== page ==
Asiago ( /ɑːsiˈɑːɡoʊ/) is an Italian cow's milk cheese that can assume different textures, according to its aging, from smooth for the fresh Asiago (Asiago Pressato) to a crumbly texture for the aged cheese (Asiago d'allevo) of which the flavor is reminiscent of Parmesan. The aged cheese is often grated in salads, soups, pastas, and sauces while the fresh Asiago is sliced to prepare panini or sandwiches; it can also be melted on a variety of dishes and cantaloupe.
As Asiago has a protected designation of origin (Denominazione di Origine Protetta or DOP, see below), the only "official" Asiago is produced in the alpine area of the town of Asiago, province of Vicenza, in the Veneto region. Asiago cheese is one of the most typical products of the Veneto region. It was, and still is, the most popular and widely used cheese in the DOP area where it is produced. The production area is strictly defined: it starts from the meadows of the Po Valley and finishes in the Alpine pastures between the Asiago Plateau and the Trentino's highlands. The officially designated area where the milk is collected and Asiago DOP cheese is produced, extends to four provinces in the north-east of Italy: the entire area of Vicenza and Trento and part of the provinces of Padua and Treviso. Asiago cheese which is produced and matured in dairies located more than 600 metres above sea level, using milk from farms also more than 600 meters above sea level, is entitled to the additional label “Product of the Mountains". Many imitations of Asiago, however, are produced elsewhere using different techniques and cultures that produce a cheese of a similar aspect but with a different taste.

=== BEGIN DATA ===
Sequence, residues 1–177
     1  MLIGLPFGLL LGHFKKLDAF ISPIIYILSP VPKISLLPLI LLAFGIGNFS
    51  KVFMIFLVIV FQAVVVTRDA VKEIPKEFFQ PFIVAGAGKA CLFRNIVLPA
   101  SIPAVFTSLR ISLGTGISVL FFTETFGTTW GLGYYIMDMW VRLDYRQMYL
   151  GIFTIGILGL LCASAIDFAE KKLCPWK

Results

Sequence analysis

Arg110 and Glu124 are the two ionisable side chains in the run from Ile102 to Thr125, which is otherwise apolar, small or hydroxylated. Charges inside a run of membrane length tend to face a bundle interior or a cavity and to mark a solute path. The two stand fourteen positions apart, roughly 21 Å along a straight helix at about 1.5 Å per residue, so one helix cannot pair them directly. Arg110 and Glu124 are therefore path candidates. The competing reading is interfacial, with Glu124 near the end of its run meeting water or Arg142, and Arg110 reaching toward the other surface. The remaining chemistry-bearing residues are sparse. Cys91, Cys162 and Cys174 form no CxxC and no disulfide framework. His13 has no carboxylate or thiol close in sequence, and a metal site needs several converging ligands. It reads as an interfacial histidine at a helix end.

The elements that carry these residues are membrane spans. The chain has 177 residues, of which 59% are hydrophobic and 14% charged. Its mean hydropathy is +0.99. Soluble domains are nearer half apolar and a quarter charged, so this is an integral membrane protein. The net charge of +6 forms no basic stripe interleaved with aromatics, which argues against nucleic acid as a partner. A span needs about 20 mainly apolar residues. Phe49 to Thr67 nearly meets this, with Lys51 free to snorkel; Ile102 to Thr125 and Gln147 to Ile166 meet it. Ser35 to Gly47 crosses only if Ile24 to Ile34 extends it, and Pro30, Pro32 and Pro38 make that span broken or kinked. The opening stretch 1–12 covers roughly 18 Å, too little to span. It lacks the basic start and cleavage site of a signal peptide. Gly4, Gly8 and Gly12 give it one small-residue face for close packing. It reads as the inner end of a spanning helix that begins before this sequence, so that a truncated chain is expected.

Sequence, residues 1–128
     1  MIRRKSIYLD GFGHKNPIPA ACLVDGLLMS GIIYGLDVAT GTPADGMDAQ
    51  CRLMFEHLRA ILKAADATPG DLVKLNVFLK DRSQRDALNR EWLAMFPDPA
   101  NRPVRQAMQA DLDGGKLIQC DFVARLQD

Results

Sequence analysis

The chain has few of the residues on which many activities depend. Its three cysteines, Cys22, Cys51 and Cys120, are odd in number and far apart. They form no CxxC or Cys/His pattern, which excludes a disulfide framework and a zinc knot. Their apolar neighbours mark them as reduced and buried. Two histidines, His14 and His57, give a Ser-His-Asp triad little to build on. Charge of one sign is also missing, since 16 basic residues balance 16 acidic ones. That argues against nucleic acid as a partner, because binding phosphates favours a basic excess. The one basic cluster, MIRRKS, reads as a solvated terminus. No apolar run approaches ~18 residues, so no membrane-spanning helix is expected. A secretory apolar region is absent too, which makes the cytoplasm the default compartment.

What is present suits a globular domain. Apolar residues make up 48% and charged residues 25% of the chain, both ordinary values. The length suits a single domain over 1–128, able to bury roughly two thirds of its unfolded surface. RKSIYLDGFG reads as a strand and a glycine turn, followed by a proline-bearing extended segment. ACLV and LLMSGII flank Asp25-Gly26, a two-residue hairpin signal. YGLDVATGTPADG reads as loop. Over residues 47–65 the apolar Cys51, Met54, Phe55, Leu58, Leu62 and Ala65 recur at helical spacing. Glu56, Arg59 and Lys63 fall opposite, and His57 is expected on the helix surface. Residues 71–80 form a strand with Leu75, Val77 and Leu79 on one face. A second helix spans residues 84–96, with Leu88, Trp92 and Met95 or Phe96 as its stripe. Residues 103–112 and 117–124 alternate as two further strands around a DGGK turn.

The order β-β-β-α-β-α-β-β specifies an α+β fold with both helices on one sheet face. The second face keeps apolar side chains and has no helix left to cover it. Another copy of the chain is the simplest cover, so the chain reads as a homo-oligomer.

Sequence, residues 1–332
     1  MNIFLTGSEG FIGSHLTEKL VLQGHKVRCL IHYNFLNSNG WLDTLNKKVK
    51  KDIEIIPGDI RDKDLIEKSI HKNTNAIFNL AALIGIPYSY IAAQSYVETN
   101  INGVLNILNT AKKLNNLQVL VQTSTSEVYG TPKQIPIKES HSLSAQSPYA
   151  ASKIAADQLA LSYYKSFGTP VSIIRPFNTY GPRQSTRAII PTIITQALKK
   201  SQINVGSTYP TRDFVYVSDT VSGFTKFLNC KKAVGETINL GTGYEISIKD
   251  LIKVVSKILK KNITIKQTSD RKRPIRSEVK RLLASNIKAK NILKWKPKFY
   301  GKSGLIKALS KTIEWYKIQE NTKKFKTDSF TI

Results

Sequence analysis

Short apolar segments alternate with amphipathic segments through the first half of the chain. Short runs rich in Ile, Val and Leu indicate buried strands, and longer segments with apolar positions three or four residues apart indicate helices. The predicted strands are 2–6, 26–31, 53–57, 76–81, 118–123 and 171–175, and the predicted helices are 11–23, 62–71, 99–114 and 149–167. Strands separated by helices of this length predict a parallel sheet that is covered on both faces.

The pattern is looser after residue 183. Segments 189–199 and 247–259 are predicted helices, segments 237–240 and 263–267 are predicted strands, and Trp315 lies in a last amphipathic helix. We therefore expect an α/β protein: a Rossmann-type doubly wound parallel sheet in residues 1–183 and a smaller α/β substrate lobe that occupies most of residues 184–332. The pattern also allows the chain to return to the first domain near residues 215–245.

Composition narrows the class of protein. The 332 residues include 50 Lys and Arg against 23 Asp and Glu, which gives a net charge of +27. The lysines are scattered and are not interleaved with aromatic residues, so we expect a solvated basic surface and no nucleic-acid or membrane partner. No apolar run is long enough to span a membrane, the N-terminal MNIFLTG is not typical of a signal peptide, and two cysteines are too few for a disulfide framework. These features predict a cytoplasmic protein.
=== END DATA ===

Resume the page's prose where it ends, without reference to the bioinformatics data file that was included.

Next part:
Other articles related to "asiago cheese":
... Asiago cheese is an Italian D.O.P ... product (Denominazione di Origine Protetta), equivalent to a Protected Designation of Origin (PDO) ...
Famous quotes containing the word cheese:
“A cheese may disappoint. It may be dull, it may be naive, it may be oversophisticated. Yet it remains cheese, milks leap toward immortality.”
—Clifton Fadiman (b. 1904)